Speaking of innovative women in the wine industry, let us introduce you to the new head winemaker at Gusbourne, Mary Bridges. With a degree in viticulture and oenology (that’s the study of wine, of course!), and her family’s background in farming, she has a deep-rooted understanding of the land which clearly manifests itself in the work taking place at Gusbourne. As part of the wider team, Mary has headed up the 2023 vintage, their largest to date, and continues her hard work to bring to life the flavours and excitement of Kent’s soil.

Naturally Funny at The Amelia

And if you couldn’t quite get enough of that delicious Kentish wine, how about an evening of guided tasting by expert sommelier Ellen Doggett, with performances from some of your favourite female comics? Sample the delights of natural wines and fantastic comedy, all under the roof of ‘The Amelia’, named after social reformer and campaigner for women’s suffrage, Amelia Scott. Bring your tasting cards and funny bones, we’ll see you there!

Suffragettes in Tunbridge Wells

Tunbridge Wells has been a long-standing hub for women’s equality and freedom, the burning of Nevill Ground in 1913 perhaps the most scandalous story of its ilk. As an act of protest against Mrs. Emmeline Pankhurst’s recent imprisonment, the militant suffragettes set light to the Grandstand which spread further across the cricket ground, leaving behind a photo of the political activist before they left. The event sparked outrage, anger, and (most importantly) a dialogue amongst locals, making an impression in the history of the town and paving the way for future generations to have difficult and slow conversations around gender equality.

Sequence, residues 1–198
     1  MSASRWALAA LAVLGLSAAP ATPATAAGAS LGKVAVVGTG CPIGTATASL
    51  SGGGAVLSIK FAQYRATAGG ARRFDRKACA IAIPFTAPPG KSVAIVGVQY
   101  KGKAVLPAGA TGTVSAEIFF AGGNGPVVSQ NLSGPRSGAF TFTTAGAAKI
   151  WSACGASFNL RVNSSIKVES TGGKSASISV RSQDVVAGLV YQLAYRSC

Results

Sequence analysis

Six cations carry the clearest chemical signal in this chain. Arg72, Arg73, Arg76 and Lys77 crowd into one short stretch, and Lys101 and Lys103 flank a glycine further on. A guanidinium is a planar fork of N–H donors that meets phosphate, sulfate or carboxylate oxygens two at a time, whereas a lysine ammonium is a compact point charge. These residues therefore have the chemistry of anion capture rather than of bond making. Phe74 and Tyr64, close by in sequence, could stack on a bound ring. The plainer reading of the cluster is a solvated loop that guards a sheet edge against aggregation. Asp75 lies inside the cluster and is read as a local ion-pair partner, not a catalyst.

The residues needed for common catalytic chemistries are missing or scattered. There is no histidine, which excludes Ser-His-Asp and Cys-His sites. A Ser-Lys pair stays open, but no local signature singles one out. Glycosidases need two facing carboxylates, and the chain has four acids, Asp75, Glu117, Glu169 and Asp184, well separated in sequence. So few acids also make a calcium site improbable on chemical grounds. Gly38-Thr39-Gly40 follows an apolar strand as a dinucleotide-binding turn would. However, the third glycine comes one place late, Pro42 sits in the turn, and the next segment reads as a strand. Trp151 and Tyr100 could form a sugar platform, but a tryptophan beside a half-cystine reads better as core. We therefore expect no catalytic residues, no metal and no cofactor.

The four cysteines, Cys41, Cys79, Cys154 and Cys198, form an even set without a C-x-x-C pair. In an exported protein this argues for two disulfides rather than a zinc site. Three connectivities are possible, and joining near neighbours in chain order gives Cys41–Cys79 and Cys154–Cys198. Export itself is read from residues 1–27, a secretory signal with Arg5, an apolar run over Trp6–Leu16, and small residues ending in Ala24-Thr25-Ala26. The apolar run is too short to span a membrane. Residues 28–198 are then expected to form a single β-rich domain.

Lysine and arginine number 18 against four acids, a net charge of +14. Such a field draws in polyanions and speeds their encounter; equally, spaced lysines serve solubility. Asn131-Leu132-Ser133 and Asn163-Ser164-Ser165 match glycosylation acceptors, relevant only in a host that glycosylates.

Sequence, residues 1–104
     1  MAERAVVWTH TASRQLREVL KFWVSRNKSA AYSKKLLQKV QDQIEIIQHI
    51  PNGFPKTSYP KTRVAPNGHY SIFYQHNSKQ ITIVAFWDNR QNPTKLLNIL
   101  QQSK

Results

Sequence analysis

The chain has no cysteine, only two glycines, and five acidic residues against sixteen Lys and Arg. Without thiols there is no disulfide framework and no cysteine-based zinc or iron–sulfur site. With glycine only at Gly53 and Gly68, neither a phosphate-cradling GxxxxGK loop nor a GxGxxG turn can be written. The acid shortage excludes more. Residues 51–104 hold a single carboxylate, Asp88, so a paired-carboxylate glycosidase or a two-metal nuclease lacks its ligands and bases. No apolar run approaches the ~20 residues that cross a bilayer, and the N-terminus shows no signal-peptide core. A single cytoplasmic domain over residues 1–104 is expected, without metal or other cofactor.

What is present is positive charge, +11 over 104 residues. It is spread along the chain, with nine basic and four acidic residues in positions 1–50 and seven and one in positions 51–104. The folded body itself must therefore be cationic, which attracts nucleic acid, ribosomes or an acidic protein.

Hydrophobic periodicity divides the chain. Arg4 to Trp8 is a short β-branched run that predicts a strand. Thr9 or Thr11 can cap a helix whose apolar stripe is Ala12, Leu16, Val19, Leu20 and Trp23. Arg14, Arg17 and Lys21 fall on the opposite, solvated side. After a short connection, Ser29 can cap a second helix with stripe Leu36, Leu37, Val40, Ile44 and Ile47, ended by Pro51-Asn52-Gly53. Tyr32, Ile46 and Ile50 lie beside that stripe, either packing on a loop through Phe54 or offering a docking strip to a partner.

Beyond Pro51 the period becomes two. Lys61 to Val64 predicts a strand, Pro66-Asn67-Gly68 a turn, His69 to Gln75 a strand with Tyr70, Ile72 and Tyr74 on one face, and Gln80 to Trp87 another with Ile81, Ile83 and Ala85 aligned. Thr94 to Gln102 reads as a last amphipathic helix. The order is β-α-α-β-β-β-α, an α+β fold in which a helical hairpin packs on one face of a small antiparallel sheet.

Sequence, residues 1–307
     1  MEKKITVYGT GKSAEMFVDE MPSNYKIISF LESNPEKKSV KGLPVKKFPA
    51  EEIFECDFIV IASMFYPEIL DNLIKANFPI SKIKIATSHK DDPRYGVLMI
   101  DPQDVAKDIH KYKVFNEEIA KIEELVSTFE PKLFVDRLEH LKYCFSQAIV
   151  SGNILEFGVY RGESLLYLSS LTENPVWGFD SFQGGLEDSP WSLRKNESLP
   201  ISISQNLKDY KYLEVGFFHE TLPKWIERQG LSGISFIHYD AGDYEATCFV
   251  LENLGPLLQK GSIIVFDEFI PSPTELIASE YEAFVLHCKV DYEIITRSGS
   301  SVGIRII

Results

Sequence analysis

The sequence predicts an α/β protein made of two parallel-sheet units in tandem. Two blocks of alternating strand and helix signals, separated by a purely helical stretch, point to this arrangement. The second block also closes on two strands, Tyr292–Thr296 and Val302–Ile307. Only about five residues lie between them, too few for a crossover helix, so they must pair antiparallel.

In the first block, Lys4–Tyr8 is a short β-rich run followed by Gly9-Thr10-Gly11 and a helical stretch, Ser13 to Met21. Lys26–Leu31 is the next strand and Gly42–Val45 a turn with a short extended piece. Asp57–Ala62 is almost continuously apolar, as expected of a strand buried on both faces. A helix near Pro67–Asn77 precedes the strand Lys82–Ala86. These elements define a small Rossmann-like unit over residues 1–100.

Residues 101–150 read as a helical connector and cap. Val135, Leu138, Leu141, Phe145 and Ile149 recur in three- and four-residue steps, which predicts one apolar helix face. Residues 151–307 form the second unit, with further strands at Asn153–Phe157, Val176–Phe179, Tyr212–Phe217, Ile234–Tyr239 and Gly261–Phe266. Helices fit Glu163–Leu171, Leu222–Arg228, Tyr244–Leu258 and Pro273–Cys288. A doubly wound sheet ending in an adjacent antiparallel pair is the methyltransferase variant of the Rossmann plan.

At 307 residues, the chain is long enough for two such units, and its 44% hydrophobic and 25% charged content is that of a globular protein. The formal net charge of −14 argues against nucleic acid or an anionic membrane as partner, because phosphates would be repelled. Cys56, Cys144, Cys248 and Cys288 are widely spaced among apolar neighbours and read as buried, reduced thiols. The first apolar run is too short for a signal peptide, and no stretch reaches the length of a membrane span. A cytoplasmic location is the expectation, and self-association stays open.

Dame Kelly Holmes DBE OLY

Our next Kentish inspiration led the way for women in sport and landed herself a gold medal at the 2004 Summer Olympics in the 800 and 1500 metres. She set British records in numerous events. We are talking about none other than Dame Kelly Holmes DBE OLY (now there's a title). Not only is she athletically gifted, but she also proves that women can go above and beyond, joining the British Army at the age of 18 as well as becoming a Judo champion. We've now got the sudden urge to put those running trainers on! 

Mary Tourtel

Canterbury’s very own Mary Tourtel changed popular British culture by creating one of the most lovable British bears in history and selling over 50 million copies of her work worldwide. Mary created Rupert the Bear in 1920 for The Daily Express, to rival the comic strips of the Daily Mail and Daily Mirror. She created a character that brings joy to millions of children past and present, with the legacy of Rupert the Bear remaining forever playful. 

Anne Boleyn

Anne Boleyn is probably most well known for being King Henry VIII’s second wife, sentenced to execution by decapitation only three years into their marriage (now that’s one heck of a breakup)! But, she was also one of the most famous queen consorts the country has ever had, played a key part in the English Reformation and was mother to none other than Queen Elizabeth I. She spent much of her childhood at Hever Castle, where today we can still visit and see the landscape that would have inspired and motivated her in her life's journey. 

West Cliff, Whitstable

Keepers Cottages

Ready to celebrate yourself and the women around you in style? Across Kent, your next relaxing getaway is waiting (let’s embrace this year’s POW theme!), all thanks to Keepers Cottages. Whitstable’s West Cliff brings with it social spaces for those nights of chatting over a fantastic meal, overlooking stunning seascapes. While a scenic countryside escape is all ready for you in The Old Cherry Barn, where family and friends gather amidst rolling hills, with the City of Canterbury just down the road. Or, how about a charming cottage for those Insta-worthy shots at Beach Tree Cottage? ‘Tis the year to relax!

Visit the official International Women's Day website here to see how you can make a difference.